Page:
Dan Charles i
Maggie Starbard/NPR
Dan Charles
Maggie Starbard/NPR

Dan Charles

Correspondent, Food and Agriculture

Dan Charles is NPR's food and agriculture correspondent.

Primarily responsible for covering farming and the food industry, Charles focuses on the stories of culture, business, and the science behind what arrives on your dinner plate.

This is his second time working for NPR; from 1993 to 1999, Charles was a technology correspondent at NPR. He returned in 2011.

During his time away from NPR, Charles was an independent writer and radio producer and occasionally filled in at NPR on the Science and National desks, and at Weekend Edition. Over the course of his career Charles has reported on software engineers in India, fertilizer use in China, dengue fever in Peru, alternative medicine in Germany, and efforts to turn around a troubled school in Washington, DC.

In 2009-2010, he taught journalism in Ukraine through the Fulbright program. He has been guest researcher at the Institute for Peace Research and Security Policy at the University of Hamburg, Germany, and a Knight Science Journalism fellow at the Massachusetts Institute of Technology.

From 1990 to 1993, Charles was a U.S. correspondent for New Scientist, a major British science magazine.

The author of two books, Charles wrote Master Mind: The Rise and Fall of Fritz Haber, The Nobel Laureate Who Launched the Age of Chemical Warfare (Ecco, 2005) and Lords of the Harvest: Biotech, Big Money, and the Future of Food (Perseus, 2001) about the making of genetically engineered crops.

Charles graduated magna cum laude from American University with a degree in economics and international affairs. After graduation Charles spent a year studying in Bonn, which was then part of West Germany, through the German Academic Exchange Service.

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Tyson Foods says it has already reduced its use of human-use antibiotics by 80 percent over the past four years. Here, Tyson frozen chicken on display at Piazza's market in Palo Alto, Calif., in 2010. Paul Sakuma/AP hide caption

itoggle caption Paul Sakuma/AP

Chickens stand in their cages at a farm near Stuart, Iowa, in 2009. This week, bird flu hit a large poultry facility in Iowa. It's not clear how the virus is evading the industry's biosecurity efforts. Charlie Neibergall/AP hide caption

itoggle caption Charlie Neibergall/AP

Workers pick asparagus in early April at Del Bosque Farms in Firebaugh, Calif. This year, some farmers in the state will get water, others won't, based on when their land was first irrigated. David Paul Morris/Bloomberg/Getty Images hide caption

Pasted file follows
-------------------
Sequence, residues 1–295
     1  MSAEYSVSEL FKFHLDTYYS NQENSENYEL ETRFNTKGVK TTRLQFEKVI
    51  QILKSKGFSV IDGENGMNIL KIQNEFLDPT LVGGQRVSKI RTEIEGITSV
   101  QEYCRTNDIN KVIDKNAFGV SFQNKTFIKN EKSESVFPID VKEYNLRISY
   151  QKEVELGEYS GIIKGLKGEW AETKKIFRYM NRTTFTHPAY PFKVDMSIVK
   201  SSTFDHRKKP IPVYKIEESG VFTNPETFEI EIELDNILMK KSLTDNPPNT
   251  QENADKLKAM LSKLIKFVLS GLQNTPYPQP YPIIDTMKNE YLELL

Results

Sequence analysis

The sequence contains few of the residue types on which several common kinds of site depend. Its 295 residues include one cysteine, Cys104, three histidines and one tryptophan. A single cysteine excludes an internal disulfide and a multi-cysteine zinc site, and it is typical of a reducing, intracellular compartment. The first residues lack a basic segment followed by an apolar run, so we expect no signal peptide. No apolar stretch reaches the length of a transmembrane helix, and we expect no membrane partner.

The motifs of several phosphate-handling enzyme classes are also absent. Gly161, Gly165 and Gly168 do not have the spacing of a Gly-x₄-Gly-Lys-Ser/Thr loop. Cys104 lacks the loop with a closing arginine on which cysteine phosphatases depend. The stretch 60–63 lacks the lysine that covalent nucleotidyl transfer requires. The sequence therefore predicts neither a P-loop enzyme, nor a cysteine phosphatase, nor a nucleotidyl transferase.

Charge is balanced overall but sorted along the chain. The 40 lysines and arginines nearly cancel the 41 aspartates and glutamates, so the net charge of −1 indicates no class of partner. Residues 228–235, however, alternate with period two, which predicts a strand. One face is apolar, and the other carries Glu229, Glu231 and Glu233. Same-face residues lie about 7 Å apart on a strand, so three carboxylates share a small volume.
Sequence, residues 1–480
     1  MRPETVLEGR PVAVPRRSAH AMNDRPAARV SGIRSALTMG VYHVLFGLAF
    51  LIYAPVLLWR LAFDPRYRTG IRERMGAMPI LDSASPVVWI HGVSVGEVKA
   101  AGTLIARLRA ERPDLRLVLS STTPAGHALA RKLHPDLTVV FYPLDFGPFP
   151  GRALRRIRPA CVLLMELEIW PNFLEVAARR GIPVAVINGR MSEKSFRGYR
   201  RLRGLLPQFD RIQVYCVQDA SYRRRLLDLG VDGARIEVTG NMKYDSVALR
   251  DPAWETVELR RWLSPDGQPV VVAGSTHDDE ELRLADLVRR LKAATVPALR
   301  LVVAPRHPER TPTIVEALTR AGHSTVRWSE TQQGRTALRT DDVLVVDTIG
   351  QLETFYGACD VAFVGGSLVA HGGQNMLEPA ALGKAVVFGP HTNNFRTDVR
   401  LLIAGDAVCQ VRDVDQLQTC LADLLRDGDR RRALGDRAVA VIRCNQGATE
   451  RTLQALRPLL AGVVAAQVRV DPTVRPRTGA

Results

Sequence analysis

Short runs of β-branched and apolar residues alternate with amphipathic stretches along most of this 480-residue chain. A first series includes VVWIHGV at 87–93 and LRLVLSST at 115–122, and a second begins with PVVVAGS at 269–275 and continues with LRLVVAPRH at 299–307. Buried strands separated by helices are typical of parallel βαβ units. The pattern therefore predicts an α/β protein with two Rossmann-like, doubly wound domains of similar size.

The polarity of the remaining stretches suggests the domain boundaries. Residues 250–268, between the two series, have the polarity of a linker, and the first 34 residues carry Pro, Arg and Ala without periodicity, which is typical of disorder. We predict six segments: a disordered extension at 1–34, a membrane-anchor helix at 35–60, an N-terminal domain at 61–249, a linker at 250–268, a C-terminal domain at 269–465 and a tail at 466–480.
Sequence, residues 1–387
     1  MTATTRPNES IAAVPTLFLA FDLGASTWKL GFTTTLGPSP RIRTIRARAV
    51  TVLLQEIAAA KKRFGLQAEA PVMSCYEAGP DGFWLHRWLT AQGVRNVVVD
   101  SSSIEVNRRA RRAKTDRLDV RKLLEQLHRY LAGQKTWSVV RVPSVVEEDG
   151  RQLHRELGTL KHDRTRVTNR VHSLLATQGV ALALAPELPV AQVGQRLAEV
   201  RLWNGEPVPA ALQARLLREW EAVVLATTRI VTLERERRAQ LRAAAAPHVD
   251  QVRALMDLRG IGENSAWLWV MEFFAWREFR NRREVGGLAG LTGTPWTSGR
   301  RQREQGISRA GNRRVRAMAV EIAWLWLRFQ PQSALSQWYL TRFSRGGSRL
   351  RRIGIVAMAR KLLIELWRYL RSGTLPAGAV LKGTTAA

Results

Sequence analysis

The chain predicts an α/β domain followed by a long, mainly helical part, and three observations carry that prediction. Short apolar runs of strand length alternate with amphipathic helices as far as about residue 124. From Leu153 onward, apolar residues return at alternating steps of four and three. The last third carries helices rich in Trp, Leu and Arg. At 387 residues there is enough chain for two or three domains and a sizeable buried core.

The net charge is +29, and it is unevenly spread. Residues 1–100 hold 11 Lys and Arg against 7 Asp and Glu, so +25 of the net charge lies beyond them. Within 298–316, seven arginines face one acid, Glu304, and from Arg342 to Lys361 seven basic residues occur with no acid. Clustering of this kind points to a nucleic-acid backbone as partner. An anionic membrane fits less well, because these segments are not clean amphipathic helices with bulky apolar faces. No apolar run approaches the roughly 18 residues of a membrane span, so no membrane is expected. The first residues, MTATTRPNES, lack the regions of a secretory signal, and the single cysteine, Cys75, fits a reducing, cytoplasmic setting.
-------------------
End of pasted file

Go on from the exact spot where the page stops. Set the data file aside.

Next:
itoggle caption David Paul Morris/Bloomberg/Getty Images
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These beans, grown on test plots at the International Center for Tropical Agriculture in Colombia, can thrive in temperatures that cripple most conventional beans. Courtesy of CIAT/Neil Palmer hide caption

itoggle caption Courtesy of CIAT/Neil Palmer

Central Illinois corn farmer Jerry McCulley refills his sprayer with the weedkiller glyphosate on a farm near Auburn, Ill. A new assessment of the chemical finds that the (uncertain) risks mainly affect the people who work with it or who come in direct contact with areas where it's applied. Seth Perlman/AP hide caption

itoggle caption Seth Perlman/AP

An economist with the Rand Corporation argues that Los Angeles' fast-food ban failed because it merely blocked new construction or expansion of "stand-alone fast-food" restaurants in neighborhoods where that style of restaurant was uncommon to begin with. David McNew/Getty Images hide caption

itoggle caption David McNew/Getty Images

Mas Masumoto grew up on his family farm southeast of Fresno, Calif. His 1987 essay "Epitaph for A Peach," in which he bemoaned the loss of heirloom flavors, captured his changing philosophy as a farmer. It also helped turn his farm into a landmark in the local-food movement. Dan Charles/NPR hide caption

itoggle caption Dan Charles/NPR

Nahun Villagomez Sanchez washes freshly dug Red LaSoda potatoes at T&D Willey Farms near Madera, Calif. Dan Charles/NPR hide caption

itoggle caption Dan Charles/NPR

Arctic Granny (right), a GMO variety created by Okanagan Specialty Fruits, got the gren light from federal regulators Friday. The apple doesn't turn brown like a conventional Granny Smith apple (left). Okanagan Specialty Fruits hide caption

itoggle caption Okanagan Specialty Fruits